PARENT CARE: FEVER, HOW TO TAKE
Definition of Fever
temperature above 100.4°F (38.0°C).
Oral temperature above 99.5°F (37.5°C).
Axillary (armpit) temperature above 99.0°F (37.2°C).
Pacifier temperature above 100°F (37.8°C). New
digital electronic ones are accurate.
Ear (tympanic) temperature above 100.4°F (if in rectal mode)
or above 99.5°F (if in oral mode). (Note: Not reliable for less than
6 months old.)
Temporal artery (TA) temperature above 100.4 F (38.0 C) (Note:
more reliable than tympanic thermometers, but not to be used for children under
6 months old)
Where to Take the Temperature
Temperatures measured rectally are the most accurate.
Temperatures measured orally, by electronic pacifier, or by ear canal are
also accurate if done properly. Temperatures measured in the armpit are the
least accurate, but they are better than no measurement.
Age less than 3 months old (90 days old):
An armpit temperature is preferred for reasons of safety and is adequate for
screening. If the armpit temperature is above 99°F (37.2°C), check
it with a rectal temperature. The reason you need to take a rectal temperature
for young infants is that if they have a true fever, they need to be evaluated
Age less than 4 or 5 years old:
A rectal or electronic pacifier temperature is preferred. An axillary
(armpit) temperature is adequate for screening if it is taken correctly. An
ear thermometer can be used after 6 months old.
Age older than 4 or 5 years old:
Take the temperature orally (by mouth) or by ear thermometer.
How to Take Rectal Temperatures
child lie stomach down on your lap.
Put some petroleum jelly on the end of the thermometer and on
the opening of the anus.
Slide the thermometer gently into the opening of the anus for
about 1-inch. If your child is less than 6 months old, put it in only
about ¼ to ½ inch (inserting until the silver tip disappears is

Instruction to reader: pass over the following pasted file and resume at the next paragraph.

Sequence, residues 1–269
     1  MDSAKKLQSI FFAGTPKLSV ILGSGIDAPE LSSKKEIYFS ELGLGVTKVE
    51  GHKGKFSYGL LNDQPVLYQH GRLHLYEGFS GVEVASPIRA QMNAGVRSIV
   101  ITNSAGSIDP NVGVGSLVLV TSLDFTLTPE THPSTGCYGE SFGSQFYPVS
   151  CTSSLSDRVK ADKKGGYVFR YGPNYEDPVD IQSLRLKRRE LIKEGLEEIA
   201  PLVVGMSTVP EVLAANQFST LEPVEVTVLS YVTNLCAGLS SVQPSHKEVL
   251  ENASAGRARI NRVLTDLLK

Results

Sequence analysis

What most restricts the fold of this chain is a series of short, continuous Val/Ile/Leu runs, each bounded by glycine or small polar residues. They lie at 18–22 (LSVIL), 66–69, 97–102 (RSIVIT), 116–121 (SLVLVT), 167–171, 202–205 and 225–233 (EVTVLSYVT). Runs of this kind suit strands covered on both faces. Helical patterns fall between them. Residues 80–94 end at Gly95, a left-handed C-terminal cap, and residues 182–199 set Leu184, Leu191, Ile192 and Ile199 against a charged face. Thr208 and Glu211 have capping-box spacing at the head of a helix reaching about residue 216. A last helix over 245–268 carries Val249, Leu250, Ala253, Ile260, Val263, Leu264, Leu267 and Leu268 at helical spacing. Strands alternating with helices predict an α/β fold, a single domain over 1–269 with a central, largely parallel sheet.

about ½ inch).
Hold your child still and leave the thermometer in 2 minutes
with a glass thermometer (about 20 seconds with a digital electronic thermometer).
Your child has a fever if the rectal temperature is
above 100.4°F (38°C).
How to Take Armpit Temperatures
tip of the thermometer in an armpit. Make sure the armpit is dry.
Close the armpit by holding the elbow against the chest for
4 or 5 minutes.
Your child has a fever if the armpit temperature is above 99.0°F
(37.2°C). If you have any doubt, take your child's temperature by
How to Take Oral Temperatures
your child has not had a cold or hot drink in the last 30 minutes.
Put the tip of the thermometer under one side of the tongue
and toward the back. It's important to put it in the right place.
Have your child hold the thermometer in place with his lips
and fingers (not teeth) for 3 minutes with a glass thermometer (about 30 seconds
with a digital electronic thermometer). Keep the lips sealed.
Your child has a fever if the temperature is above 99.5°F
How to Take a Digital Electronic Pacifier
child suck on the pacifier until it reaches a steady state, and you hear a beep.
This usually takes 3 to 4 minutes.
Your child has a fever if the pacifier temperature is above
How to Take an Ear Temperature
thermometer reads the infrared heat waves released by the eardrum.
An accurate temperature depends on pulling the ear backward
to straighten the ear canal (back and up if over 1 year old).
Then aim the tip of the ear probe midway between the opposite
eye and earlobe.
The biggest advantage of this thermometer is that it measures
temperatures in less than 2 seconds. It also does not require cooperation
by the child and does not cause any discomfort.
Limitation: if your child has been outdoors on a cold day, he
needs to be inside for 15 minutes before taking the temperature. Earwax,
ear infections and ear tubes, however, do not interfere with accurate readings.
This information is not intended be a substitute for professional medical
advice. It is provided for educational purposes only. You assume full
responsibility for how you choose to use this information.
Pediatric HouseCalls Online. Copyright © 2000-2004
Barton Schmitt, M.D. FAAP
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